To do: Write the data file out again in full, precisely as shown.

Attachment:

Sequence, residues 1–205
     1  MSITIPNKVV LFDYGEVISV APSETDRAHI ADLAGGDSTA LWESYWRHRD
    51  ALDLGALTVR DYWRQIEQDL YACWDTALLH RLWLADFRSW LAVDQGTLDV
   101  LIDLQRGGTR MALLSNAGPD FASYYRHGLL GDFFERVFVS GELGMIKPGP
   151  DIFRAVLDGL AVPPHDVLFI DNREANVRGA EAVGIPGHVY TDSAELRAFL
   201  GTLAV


Sequence, residues 1–205
     1  MSITIPNKVV LFDYGEVISV APSETDRAHI ADLAGGDSTA LWESYWRHRD
    51  ALDLGALTVR DYWRQIEQDL YACWDTALLH RLWLADFRSW LAVDQGTLDV
   101  LIDLQRGGTR MALLSNAGPD FASYYRHGLL GDFFERVFVS GELGMIKPGP
   151  DIFRAVLDGL AVPPHDVLFI DNREANVRGA EAVGIPGHVY TDSAELRAFL
   201  GTLAV